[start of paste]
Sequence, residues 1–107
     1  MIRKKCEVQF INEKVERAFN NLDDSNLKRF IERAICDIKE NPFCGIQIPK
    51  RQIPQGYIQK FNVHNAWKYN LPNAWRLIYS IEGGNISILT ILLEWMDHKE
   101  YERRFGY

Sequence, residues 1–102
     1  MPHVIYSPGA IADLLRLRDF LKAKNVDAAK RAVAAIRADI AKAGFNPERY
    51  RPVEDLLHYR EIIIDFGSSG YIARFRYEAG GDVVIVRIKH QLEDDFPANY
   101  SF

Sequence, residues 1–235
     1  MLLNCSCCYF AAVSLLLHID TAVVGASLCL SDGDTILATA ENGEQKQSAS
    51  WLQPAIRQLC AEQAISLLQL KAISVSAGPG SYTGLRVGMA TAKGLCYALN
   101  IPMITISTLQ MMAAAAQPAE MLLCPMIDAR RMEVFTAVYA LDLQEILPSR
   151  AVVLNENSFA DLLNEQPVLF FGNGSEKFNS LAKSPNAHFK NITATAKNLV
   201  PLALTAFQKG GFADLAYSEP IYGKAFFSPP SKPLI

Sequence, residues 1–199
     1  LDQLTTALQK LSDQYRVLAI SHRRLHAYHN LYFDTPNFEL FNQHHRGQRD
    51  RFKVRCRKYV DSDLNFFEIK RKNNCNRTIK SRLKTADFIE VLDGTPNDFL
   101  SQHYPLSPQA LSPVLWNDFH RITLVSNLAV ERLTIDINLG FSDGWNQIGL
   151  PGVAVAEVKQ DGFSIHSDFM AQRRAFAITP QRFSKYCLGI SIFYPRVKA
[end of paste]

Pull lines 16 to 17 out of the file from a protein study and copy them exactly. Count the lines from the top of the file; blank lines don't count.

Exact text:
     1  LDQLTTALQK LSDQYRVLAI SHRRLHAYHN LYFDTPNFEL FNQHHRGQRD
    51  RFKVRCRKYV DSDLNFFEIK RKNNCNRTIK SRLKTADFIE VLDGTPNDFL